Meanwhile, things are changing in Lara Jean’s neighborhood. An older couple has bought the Pearces’ house and is planning to tear down the tree house where all the neighborhood kids once played. Lara Jean remembers how the old gang had buried a time capsule near the tree house and decides to have a time capsule party to say farewell to the treehouse. John is one of the friends who is invited to the party even though he no longer lives in the neighborhood.

The party is emotional for Lara Jean not only because she realizes she is attracted to John but also because Peter brings Genevieve with him even though Lara Jean did not invite her. The group decides to play a game of Assassins, a game they played in grade school, for old times sakes. Lara Jean decides she wants to win the game simply to prove that she is stronger than Genevieve believes.

When Peter unintentionally tells Lara Jean that he knew that it was Genevieve who submitted the hot tub video but did not tell Lara Jean the truth, Lara Jean breaks up with him. Peter is angered when he sees John and Lara Jean together at a USO themed party that Lara Jean organized for the retirement home where she volunteers. He demands to know if Lara Jean is dating John. He claims he has been friendly to Genevieve only because she was going through a stressful thing with her family. When Lara Jean asks, however, he will not tell her what is happening with Genevieve.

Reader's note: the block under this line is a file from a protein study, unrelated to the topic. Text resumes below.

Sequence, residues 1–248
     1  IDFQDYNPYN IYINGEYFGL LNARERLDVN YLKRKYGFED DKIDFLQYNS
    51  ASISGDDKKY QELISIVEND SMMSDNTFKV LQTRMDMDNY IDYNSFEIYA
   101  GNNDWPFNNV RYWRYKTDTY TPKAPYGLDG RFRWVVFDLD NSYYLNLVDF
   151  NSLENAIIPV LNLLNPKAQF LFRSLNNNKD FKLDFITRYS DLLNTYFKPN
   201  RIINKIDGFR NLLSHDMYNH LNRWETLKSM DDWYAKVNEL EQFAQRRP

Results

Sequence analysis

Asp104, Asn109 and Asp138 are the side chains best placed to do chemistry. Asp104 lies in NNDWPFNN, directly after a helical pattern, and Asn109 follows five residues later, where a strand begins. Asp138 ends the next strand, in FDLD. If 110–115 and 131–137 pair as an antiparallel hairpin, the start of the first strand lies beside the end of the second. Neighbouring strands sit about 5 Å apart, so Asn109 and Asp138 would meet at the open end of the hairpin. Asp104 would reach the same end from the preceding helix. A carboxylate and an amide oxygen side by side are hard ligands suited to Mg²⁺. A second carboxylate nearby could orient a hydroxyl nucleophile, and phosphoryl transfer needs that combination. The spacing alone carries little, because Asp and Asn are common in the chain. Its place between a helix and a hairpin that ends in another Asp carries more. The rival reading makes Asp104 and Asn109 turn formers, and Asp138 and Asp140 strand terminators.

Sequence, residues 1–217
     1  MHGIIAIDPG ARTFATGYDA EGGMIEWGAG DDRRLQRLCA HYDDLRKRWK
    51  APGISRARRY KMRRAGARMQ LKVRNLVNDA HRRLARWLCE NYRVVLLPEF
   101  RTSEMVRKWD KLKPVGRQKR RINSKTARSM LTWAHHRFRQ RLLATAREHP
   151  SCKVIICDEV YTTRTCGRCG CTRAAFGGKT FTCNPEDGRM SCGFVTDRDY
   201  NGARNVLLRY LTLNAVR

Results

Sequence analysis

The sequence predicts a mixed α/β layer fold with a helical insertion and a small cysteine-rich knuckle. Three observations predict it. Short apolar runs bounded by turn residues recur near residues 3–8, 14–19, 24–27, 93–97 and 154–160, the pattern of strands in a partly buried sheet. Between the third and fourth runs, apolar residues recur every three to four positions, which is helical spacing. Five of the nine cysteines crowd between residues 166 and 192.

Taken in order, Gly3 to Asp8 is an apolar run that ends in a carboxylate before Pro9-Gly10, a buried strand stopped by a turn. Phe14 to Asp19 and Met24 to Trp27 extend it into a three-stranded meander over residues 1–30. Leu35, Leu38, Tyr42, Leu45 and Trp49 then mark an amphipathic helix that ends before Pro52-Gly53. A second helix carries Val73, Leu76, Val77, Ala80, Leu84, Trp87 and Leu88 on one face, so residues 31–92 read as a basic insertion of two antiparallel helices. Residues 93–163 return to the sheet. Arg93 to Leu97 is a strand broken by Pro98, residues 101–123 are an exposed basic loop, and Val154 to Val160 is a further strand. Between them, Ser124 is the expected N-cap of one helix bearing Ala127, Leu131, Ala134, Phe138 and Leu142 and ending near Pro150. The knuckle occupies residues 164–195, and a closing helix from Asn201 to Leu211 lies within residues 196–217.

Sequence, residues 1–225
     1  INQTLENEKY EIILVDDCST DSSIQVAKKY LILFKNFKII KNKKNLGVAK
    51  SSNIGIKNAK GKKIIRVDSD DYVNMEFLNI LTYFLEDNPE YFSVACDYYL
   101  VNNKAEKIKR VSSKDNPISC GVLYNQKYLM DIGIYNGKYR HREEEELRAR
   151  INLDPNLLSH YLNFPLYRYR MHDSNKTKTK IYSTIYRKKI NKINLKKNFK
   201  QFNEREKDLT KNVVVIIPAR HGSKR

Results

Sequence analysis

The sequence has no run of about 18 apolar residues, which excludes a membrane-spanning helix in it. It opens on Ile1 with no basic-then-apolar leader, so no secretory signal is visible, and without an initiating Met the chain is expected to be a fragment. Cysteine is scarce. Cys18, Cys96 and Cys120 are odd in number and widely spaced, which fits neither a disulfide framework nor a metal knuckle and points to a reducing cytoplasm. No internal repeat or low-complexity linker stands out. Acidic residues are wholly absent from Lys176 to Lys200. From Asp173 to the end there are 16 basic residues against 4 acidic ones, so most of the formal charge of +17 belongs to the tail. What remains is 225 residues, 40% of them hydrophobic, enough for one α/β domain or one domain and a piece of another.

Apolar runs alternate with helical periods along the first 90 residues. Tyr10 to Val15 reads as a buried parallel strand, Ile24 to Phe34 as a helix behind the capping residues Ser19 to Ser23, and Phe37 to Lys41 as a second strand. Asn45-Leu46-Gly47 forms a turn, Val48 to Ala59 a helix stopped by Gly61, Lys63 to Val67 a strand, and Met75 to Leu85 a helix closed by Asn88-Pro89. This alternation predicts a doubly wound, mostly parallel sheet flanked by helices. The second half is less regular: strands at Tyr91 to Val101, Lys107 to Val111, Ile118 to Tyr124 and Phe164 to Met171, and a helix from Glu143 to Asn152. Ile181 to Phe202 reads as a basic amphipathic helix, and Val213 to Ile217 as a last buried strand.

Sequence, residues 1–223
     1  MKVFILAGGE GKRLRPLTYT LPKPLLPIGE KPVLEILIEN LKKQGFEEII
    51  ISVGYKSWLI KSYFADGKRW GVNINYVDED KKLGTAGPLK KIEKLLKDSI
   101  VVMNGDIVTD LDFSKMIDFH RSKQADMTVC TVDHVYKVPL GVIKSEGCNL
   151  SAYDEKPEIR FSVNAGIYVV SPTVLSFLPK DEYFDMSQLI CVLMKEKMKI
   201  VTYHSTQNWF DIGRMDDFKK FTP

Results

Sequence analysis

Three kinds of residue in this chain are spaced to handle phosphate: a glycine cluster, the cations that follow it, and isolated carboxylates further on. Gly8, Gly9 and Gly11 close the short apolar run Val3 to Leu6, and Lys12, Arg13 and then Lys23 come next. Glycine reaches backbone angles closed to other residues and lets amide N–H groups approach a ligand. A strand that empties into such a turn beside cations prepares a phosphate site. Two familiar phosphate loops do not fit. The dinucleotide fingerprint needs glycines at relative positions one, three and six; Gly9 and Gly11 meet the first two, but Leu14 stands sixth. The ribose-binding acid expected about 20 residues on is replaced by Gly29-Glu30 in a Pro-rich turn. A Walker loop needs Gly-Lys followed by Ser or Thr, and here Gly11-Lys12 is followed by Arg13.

In the game of Assassins, Lara Jean and Genevieve are the only two players left alive. Following Genevieve to tag her out, Lara Jean discovers that Genevieve has been upset because her father is cheating on her mother with a girl who is just a couple years older than Genevieve. With this new information, Lara Jean hurts for her old friend and understands why Genevieve would have called on Peter to comfort her. Even though Lara Jean believes she could love John, she still loves Peter. When Peter asks if they can mend their relationship she agrees.

This book is also very good 10/10 recommend. This is also being made in to a movie. stay tuned for the last installment of the to all the boys series.

To All the Boys I’ve Loved Before

To All the Boys I’ve Loved Before by Jenny Han